Paintings Conservation, Mural Conservation:
The greater Cleveland area has had a rich history in public murals throughout the 20th century. Much of the earlier mural work was completed by non-native artists, but the economic downturn of the 1930s and resulting New Deal programs, provided more opportunities for local artists. Once such public mural is Steel Industry by artist Glenn Shaw which still graces the ceiling of the former Frank T. Bow Federal Building in Canton, Ohio. Shaw was a local artist who served as the Head of the Mural Department at the Cleveland Institute of Art (previously the Cleveland School of Art) from 1937 to 1957, inspiring generations of Cleveland area mural artists.
His mural, Steel Industry, illustrates the once booming steel industry in the Greater Cleveland area, which is now largely a thing of the past. Thirteen scenes feature the different processes including: ore unloading, the blast furnace, drawing hot metal, adding alloys in the furnace, pouring ingots, soaking ingots, rolling bar, tube, and strip steel, the power steam hammer, electric welding, pushing a coke oven, and quenching. Glenn Shaw renders these depictions in muted tones with an illustrative quality providing the viewer with an intimate vantage point as if walking through the building at the time of production. Workers in the various scenes appear minute compared to the large machinery they are operating, demonstrating the sheer magnitude of the American steel industry in the 1930s.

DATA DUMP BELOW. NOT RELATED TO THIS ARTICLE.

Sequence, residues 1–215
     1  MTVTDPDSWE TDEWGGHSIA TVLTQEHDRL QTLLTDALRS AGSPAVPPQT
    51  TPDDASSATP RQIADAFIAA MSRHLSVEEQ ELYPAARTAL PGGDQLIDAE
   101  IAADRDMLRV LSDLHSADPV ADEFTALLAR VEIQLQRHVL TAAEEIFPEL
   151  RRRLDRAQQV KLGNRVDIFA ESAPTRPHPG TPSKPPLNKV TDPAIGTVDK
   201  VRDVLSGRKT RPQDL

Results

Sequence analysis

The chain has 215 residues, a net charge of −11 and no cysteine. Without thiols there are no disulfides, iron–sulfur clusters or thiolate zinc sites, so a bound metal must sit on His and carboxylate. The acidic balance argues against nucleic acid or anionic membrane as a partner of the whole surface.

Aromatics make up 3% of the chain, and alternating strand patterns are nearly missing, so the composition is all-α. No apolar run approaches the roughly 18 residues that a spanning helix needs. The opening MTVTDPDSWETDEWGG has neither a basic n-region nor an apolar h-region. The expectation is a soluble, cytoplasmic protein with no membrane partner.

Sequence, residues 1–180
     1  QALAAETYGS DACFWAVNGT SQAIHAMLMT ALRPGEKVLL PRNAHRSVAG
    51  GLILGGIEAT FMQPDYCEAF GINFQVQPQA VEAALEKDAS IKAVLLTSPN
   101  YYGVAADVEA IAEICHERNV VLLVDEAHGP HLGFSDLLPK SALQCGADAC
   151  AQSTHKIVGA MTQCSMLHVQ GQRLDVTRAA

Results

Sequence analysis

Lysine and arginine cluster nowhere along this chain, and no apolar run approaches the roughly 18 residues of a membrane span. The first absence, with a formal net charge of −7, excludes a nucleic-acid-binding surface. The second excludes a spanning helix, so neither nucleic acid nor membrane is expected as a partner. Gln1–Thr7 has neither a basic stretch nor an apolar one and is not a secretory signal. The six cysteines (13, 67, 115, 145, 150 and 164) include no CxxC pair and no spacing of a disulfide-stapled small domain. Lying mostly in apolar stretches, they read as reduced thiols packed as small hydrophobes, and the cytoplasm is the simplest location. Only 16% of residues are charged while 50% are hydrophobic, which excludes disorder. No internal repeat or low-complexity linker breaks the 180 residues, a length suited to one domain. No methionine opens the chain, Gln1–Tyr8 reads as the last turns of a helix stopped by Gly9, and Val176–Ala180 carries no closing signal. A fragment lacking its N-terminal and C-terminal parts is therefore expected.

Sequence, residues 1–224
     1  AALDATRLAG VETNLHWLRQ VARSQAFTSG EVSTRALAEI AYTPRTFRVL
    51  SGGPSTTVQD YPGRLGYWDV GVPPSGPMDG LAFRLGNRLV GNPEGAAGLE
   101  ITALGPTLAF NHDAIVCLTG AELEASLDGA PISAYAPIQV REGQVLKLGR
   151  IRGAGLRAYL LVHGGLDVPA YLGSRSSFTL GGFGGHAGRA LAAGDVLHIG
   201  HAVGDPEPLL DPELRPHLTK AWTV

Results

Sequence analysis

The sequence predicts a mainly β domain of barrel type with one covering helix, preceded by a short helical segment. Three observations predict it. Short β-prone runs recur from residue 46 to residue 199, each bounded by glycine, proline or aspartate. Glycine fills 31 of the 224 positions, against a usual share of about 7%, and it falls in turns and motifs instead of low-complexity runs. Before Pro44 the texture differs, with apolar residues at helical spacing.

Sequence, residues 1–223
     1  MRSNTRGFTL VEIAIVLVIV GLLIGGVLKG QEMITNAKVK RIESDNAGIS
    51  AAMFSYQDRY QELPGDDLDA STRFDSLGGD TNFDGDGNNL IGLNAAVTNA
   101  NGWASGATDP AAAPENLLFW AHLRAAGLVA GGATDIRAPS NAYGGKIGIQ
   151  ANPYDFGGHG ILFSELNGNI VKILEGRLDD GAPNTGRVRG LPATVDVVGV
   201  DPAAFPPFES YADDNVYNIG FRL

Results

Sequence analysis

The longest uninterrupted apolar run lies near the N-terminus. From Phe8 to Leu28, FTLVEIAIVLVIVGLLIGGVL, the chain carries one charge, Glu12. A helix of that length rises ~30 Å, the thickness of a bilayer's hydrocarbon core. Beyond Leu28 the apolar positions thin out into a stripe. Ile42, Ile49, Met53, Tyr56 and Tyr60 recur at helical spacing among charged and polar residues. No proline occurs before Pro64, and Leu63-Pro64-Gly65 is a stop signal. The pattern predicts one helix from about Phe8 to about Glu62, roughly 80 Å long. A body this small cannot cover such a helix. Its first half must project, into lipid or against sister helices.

McKay Lodge has treated this Glenn Shaw mural before, but like many works of art, the mural requires routine maintenance to ensure it stays in good condition. The Steel Industry mural had areas of flaking paint, some curling edges, impact damage in a few areas, debris on its surface, and several losses. Conservator Stefan Dedecek who specializes in Paintings, Murals and Polychrome Surfaces traveled to Canton, Ohio to perform the most recent conservation of the public mural painting.
Working carefully Conservator Stefan Dedecek consolidated areas of insecure or flaking paint, and curled edges were reattached with a retreatable adhesive. Debris and dust on the surface was removed with a soft bristle brush followed by a wet cleaning with a mild detergent and solvent mixture combined with a chelating agent. Abrasions and losses were inpainted with acrylic paints to create a more visually continuous surface. Though the underlying varnish was in good condition, it did require another coating. Once clean, the mural was re-varnished with a conservation grade resin with a UV light stabilizing additive to better protect the painted surface.
Some damages, such as bulges in the canvas and previous repairs, could not be addressed at this time since the primary purpose of the treatment was to stabilize the surface and reduce the visual impact from accumulated dust and losses.